This is a follow up to Is It Possible To Reconstruct a Cryptographic Hash's Key

I am using a SHA-256 HMAC function on a single-word input: sha256hmac(privatekey,word) = output. The private key length is 128 bits, it does not change. The "word" is literally one short word.

Assuming an attacker knows "word" and "output" for multiple words (e.g., dog = "dsfwrw3r3r323211", cat = "3erwerwetwewer"):

  • Is it significantly easier for an attacker to identify the private key by brute force with the above word/output pairs, as compared to a situation where they do not have those pairs?
  • Is this brute force vulnerability (with word/output pair knowledge) an actual security concern?
  • $\begingroup$ Short answer: it is fine until the private key is compromised. Hopefully someone can provide the long answer. $\endgroup$
    – Thomas
    Apr 23, 2013 at 16:34

1 Answer 1


I'll assume that "sha256hmac" designates HMAC using SHA-256 as the underlying hash function.

HMAC is used for its intended usage: the first parameter privatekey is a key, I assume random and secret, of fair length (128-bit); the second parameter word is a (possibly public) message; output is a (possibly public) cryptogram. Observing any number of (word, output) pairs, even for word of an adversary's choice, will not enable to recover privatekey or otherwise compute new result.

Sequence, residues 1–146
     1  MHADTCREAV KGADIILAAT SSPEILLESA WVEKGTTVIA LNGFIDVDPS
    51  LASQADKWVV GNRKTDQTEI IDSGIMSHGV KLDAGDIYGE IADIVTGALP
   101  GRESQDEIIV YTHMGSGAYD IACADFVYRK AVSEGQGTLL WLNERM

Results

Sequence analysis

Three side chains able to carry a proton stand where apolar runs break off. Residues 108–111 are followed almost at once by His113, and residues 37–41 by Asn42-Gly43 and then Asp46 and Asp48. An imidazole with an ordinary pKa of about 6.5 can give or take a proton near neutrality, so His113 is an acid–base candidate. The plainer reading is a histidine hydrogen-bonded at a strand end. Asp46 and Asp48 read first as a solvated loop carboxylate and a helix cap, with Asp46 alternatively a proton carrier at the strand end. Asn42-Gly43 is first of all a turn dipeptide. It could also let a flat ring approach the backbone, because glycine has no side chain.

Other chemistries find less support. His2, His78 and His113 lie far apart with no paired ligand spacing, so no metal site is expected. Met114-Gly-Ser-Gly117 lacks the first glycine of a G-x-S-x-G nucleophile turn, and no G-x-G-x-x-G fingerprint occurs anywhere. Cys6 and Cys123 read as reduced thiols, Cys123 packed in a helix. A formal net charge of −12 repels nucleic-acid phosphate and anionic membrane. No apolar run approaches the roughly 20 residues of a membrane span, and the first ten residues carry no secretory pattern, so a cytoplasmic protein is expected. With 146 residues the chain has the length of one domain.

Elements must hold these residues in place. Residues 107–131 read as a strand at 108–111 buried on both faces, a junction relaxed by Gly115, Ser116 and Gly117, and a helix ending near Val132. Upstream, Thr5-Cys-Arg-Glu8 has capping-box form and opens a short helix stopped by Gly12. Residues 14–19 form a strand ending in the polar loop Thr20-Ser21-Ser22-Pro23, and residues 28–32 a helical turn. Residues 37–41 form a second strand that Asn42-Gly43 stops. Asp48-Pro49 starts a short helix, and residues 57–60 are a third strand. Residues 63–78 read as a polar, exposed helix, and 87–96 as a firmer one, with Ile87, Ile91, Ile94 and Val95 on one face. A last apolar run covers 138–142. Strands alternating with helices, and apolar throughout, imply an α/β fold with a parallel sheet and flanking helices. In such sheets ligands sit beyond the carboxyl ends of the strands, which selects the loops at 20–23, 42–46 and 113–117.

Its hard to tell if having (word, output) pairs makes the task significantly easier: it goes from impossible with no pair at all, to infeasible using any foreseeable technology with some pairs (unless we consider quantum computers practically applicable to cryptography as foreseeable, which requires some dose of optimism).

With one privatekey of 128-bit, I think we are good against brute force for two decades, with fair confidence. If there was billions privatekey and the adversary could obtain output for the same word for each of these privatekey, we would NOT be quite that safe with the 128-bit key size (the adversary has a remotely feasible task of finding one privatekey), and we would need more bits: 192 are fine, 256 aplenty.

The most practical danger is privatekey leaking, by organizational means, or side-channel attack.

The modern security argument for HMAC is Mihir Bellare's New Proofs for NMAC and HMAC: Security Without Collision-Resistance (full version), originally in proceedings of Crypto 2006.


Your Answer

By clicking “Post Your Answer”, you agree to our terms of service and acknowledge you have read our privacy policy.

Not the answer you're looking for? Browse other questions tagged or ask your own question.